“… I should not let the occasion pass without observing that what has not been done and is proposed to be done should have been undertaken well before this. I can see no reason why executive power could not have been exercised to achieve the same result as is now to be exercised by the newly created judicial power.”


[12] Section 43ZH of the Code provides:
“Periodic review of supervision orders


1. After considering a report submitted by an appropriate person under section 43ZK, if the court considers it appropriate, the court may conduct a review to determine whether the supervised person the subject of the report may be released from the supervision order.


2. On completing the review of a custodial supervision order the court must –

(a) vary the supervision order to a non-custodial supervision order unless satisfied on the evidence available that the safety of the supervised person or the public will be seriously at risk if the person is released on a non-custodial supervision order; or
(b) if the court is satisfied on the evidence available that the safety of the supervised person or the public will be seriously at risk if the person is released on a non-custodial supervision order –
(i) confirm the order; or
(ii) vary the conditions of the order, including the place of custody where the supervised person is detained.”


[13] On two occasions since then Judges of this Court have received further reports vide s 43ZK and on each occasion the Judge concerned decided that it was inappropriate to conduct a review.


[14] The orders made by Martin (BF) CJ varied the conditions of his custodial supervision order so that a proposed treatment plan could be implemented. No request was made for the Court to fix a term appropriate for the offences under s 43ZG. The question is, should such a term have been fixed and, if so, when would the term run from.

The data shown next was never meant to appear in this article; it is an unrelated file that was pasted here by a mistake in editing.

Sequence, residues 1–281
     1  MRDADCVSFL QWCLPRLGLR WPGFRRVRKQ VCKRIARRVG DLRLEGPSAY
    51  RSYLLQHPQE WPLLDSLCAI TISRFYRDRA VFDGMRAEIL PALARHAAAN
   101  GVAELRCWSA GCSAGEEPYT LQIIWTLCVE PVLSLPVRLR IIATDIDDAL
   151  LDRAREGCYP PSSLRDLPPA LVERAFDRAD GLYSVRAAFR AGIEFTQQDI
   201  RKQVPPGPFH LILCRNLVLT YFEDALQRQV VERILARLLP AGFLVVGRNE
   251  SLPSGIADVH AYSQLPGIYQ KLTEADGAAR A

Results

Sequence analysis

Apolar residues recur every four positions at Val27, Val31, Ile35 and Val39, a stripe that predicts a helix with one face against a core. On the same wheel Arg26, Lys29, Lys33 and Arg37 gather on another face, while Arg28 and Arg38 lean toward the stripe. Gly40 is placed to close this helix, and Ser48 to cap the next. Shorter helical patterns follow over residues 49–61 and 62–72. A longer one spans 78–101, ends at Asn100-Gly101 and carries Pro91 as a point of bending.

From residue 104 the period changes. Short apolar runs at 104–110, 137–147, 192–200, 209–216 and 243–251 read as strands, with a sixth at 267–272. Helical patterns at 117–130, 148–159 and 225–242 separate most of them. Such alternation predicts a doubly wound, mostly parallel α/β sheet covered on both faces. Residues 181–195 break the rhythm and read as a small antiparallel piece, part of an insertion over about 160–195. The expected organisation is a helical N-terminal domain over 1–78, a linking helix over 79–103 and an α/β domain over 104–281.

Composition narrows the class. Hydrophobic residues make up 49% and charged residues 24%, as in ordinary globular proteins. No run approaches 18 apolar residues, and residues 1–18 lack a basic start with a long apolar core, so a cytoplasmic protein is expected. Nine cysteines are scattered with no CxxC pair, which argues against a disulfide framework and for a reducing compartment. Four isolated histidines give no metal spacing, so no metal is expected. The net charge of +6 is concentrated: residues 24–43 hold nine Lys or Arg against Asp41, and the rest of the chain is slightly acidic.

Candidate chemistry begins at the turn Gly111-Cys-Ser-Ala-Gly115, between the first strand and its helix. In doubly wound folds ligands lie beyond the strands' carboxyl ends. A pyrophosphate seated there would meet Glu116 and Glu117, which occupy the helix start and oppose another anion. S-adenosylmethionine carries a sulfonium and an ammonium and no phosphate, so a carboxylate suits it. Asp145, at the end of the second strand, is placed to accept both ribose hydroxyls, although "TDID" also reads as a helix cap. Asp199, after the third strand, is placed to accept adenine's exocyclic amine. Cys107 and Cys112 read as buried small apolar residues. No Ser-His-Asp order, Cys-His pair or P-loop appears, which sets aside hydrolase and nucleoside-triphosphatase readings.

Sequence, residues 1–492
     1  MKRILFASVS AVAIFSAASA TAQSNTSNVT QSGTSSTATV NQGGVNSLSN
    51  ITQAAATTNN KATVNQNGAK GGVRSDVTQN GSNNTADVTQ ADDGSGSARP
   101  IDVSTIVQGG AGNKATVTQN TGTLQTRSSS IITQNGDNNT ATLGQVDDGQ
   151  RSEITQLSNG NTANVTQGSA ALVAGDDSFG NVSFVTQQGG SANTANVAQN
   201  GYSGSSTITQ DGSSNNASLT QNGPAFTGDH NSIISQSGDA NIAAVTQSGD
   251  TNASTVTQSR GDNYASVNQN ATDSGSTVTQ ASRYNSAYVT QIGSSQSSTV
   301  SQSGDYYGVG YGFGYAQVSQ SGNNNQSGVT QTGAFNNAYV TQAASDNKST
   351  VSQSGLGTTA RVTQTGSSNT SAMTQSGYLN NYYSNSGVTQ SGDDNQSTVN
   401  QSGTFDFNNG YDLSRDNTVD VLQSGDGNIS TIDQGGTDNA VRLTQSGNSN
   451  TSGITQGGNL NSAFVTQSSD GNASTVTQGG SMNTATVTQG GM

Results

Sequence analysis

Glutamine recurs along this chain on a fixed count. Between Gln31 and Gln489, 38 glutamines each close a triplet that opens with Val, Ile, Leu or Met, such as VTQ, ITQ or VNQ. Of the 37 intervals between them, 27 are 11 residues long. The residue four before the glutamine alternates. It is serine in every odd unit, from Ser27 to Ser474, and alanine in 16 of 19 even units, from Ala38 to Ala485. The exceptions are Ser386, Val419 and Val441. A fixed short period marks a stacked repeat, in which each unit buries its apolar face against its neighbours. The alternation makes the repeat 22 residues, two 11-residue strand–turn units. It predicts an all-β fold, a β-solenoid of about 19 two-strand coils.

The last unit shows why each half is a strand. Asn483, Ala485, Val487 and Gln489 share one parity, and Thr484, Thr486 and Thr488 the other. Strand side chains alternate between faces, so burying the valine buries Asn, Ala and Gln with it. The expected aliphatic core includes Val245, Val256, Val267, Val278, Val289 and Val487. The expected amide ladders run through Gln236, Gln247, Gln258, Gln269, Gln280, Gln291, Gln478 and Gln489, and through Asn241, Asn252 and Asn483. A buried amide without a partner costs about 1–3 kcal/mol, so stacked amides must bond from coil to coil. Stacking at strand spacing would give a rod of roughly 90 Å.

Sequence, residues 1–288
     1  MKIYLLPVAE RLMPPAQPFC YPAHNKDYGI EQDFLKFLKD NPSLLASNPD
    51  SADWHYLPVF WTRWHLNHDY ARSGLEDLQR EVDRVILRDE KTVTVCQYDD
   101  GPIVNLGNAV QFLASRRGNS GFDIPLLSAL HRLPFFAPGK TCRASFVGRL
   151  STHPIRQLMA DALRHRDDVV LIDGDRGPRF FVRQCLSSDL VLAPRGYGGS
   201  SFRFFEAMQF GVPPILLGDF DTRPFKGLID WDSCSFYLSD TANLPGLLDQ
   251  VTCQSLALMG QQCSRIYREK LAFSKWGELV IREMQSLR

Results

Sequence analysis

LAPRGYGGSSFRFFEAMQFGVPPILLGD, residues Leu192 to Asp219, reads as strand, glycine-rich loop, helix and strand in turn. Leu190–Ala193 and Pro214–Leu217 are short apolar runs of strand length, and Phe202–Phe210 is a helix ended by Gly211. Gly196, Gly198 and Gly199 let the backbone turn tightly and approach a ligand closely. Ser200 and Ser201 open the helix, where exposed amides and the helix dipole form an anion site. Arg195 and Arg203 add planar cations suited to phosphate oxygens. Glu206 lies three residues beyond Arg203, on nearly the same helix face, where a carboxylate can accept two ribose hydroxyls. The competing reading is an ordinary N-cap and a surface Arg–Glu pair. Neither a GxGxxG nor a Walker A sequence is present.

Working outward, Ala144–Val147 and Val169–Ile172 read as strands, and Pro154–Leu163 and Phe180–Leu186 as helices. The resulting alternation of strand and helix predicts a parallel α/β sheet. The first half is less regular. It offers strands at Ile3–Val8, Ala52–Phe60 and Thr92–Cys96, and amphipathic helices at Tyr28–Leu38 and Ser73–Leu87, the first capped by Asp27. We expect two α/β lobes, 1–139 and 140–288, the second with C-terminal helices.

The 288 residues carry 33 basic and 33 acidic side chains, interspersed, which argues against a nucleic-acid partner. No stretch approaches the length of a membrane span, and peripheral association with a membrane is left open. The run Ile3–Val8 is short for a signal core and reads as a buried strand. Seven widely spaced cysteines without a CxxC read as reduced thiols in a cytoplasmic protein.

[15] All counsel originally submitted that Martin (BF) CJ should have fixed a term of 15 years as required by s 43ZG(3) of the Code as it then stood.


[16] The first question is whether that submission is correct.


[17] Section 43ZG(1) provided at the relevant time that “when the Court makes a supervision order, the Court must fix the term during which the supervision order is, subject to this section and sections 43ZD and 43ZE, to be in force and specify the term in the order”. The purpose of the term so fixed was to mandate a compulsory review to determine whether to release the supervised person vide s 43ZG(5).


[18] If the Court determines not to order the release of a person, then the Court must either confirm the supervision order or vary the supervision order (including varying it to a non-custodial supervision order): see s 43ZG(7). However, there is no specific provision for a second mandatory review period. The Code does provide for periodic reports under s 43ZK at intervals of not more than 12 months which may or may not result in a review. A supervised person can at any time, upon the giving of proper notice, apply to the Court to vary or revoke a supervision order vide s 43ZD.